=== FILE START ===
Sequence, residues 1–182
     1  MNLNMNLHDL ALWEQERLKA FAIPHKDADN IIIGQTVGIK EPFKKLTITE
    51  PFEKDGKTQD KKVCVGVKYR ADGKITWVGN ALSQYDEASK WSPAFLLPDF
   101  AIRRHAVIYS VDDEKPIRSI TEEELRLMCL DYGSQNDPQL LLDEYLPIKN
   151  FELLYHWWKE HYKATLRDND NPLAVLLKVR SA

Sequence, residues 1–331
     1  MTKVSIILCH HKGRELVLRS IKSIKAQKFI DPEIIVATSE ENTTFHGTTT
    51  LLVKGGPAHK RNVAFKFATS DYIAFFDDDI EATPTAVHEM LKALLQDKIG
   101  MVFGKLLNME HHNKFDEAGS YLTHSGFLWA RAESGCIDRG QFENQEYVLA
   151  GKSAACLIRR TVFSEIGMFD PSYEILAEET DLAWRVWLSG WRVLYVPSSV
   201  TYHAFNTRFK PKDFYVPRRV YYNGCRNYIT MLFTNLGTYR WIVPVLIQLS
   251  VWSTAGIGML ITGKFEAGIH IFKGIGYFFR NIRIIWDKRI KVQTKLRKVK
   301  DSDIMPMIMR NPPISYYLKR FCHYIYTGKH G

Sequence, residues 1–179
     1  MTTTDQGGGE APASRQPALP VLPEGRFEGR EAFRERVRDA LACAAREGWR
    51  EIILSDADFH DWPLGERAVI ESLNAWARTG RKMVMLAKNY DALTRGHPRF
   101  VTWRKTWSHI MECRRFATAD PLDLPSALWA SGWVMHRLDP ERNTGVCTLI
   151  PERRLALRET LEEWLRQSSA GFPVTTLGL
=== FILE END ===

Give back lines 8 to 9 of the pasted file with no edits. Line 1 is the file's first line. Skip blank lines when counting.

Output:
    51  LLVKGGPAHK RNVAFKFATS DYIAFFDDDI EATPTAVHEM LKALLQDKIG
   101  MVFGKLLNME HHNKFDEAGS YLTHSGFLWA RAESGCIDRG QFENQEYVLA